Six questions journalists should ask Barack Obama when he visits (enter your country name)

President Obama will be visiting Sweden in early September. These are a list of questions I would hope journalists in Sweden (and elsewhere) would ask Obama when he comes. Hope…but I doubt they will. I also know that if asked, his answers would tell us nothing. But, they must be asked. Repeatedly. Apologies for the writing, but this was a quick post!

Six Questions Journalists Should ask Barack Obama When he Visits (ENTER YOUR COUNTRY NAME)

by Christian Christensen

1. Mr. President, one of your election promises in 2008 was to close Guantanamo. It is still open, housing inmates who have not been charged with a crime and denied the basic right of habeas corpus. A large number of those inmates have been on a lengthy hunger strike in protest at their inhumane treatment. Can you explain to the people of (ENTER YOUR COUNTRY) how this prison, which you have failed to close, stands in relation to US claims to be a country which respects human rights and the rule of law?

2. Mr. President, you will accept, I hope, that a fundamental element of a functioning democracy is the presence of vibrant, critical journalism. That journalism is often fueled by whistle-blowers who release information they feel shows illegal or unethical behavior. Given the aggressive prosecution of Bradley Manning, Barrett Brown and Edward Snowden in the US, as well as the Grand Jury investigation into WikiLeaks and Julian Assange, can you explain to the people of (ENTER YOUR COUNTRY) why the US is going to such lengths to stifle the work of journalists, as well as prosecute individuals who engage in an act that is fundamental to keeping an eye on those in power, namely whistle-blowing?

3. Mr. President, the US is ranked 5th globally in the number of executions behind only China, Iran, Saudi Arabia and Iraq, and ahead of North Korea, Yemen, Somalia and Sudan. The US is also the only country amongst nations with advanced economies to still have the death penalty. How can the US lecture other nations on human rights when it engages in an act so many countries consider barbaric?

4. Mr. President, citizens of (ENTER COUNTRY NAME) might be confused as to how the US can justify the killing of its own citizens via the use of drones without judicial oversight, as well as the well-documented killing of scores of innocent civilians globally via the use of the same technology. Could you explain to the people of (ENTER YOUR COUNTRY) how drones, like Guantanamo and the death penalty, square with a US commitment to the right of fair trials, basic human rights and the rule of law?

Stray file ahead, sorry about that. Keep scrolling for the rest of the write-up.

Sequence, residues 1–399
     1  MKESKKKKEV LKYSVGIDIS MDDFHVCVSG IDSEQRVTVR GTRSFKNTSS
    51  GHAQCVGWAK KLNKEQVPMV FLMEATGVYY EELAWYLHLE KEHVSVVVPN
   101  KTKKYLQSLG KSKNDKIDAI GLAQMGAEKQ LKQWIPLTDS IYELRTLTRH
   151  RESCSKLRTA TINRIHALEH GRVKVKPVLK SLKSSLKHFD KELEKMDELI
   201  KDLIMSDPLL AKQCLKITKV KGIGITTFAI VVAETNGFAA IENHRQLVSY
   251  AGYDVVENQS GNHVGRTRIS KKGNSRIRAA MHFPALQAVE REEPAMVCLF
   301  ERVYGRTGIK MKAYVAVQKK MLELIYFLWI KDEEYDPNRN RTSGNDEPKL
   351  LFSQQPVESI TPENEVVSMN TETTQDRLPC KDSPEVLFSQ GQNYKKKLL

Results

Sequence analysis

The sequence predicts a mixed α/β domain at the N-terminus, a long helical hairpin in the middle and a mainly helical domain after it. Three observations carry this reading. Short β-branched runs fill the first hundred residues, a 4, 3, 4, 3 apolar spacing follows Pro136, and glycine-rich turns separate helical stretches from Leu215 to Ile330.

5. Mr. President, do you feel it is appropriate for a person to be held for 9 hours, without access to a lawyer, under counter-terrorism laws simply because he is the partner of a journalist who broke the NSA story? Was the US involved in any way with his detention? Should journalists throughout the world who report on US national security now be worried when they travel, in case they are questioned at the request of the US government at random international borders?

6. Mr. President, one of the hallmarks of the former Soviet Union and current authoritarian regimes is the use of widespread surveillance under the guise of protecting “national security.” Can you explain how secret, widespread surveillance of the US population, done in cooperation with private corporations, can be justified in a nation that proclaims to be “the freest in the world”? Should Americans not be able to send an email without fear of it being read by the government?

Advertisements

DN, WikiLeaks and Assange

I was recently interviewed via email and telephone for an article that came out in DN today regarding the 1st anniversary of Julian Assange’s asylum in the Ecuadorian embassy. I was asked to reflect on this, as well as how things stand today for WikiLeaks and their relationship with the mainstream media. This email was followed with a 30-minute conversation with the journalist on the same topics. Unfortunately, the result of these two interactions was two short quotes in an article that essentially focused on why people might be leaking material elsewhere. The quotes from me in the piece are accurate, and I stand by them. However, I was under the impression that the article would be far more wide-ranging, and, as someone who has written about WikiLeaks, I feel that it is important to post the email I had written to the DN journalist on June 7 in response to the issues I outlined above, as it touches upon things that I think are vitally important. During the phone interview I was at pains to point out that the tension between WikiLeaks and the media was, in part, due to WikiLeaks beating journalists at their own game, and that the focus on the Assange personality was a media construction (something I have written about earlier).

So, here is what I wrote:

Hej:

First of all, I think it very important to note how the recent revelations about the Obama administration spying on US citizens (the “PRISM” case) relate to WikiLeaks. First, the information was obtained by The Guardian as a result of a whistleblower, and, second it shows the extent to which the US government are engaged in highly detailed surveillance. WikiLeaks is a whisteblowing organization and has critiqued US abuse of power. The PRISM case has, I feel, helped WikiLeaks by reminding people how important leaks can be to the functioning of a truly democratic society. This is the ultimate goal of WikiLeaks.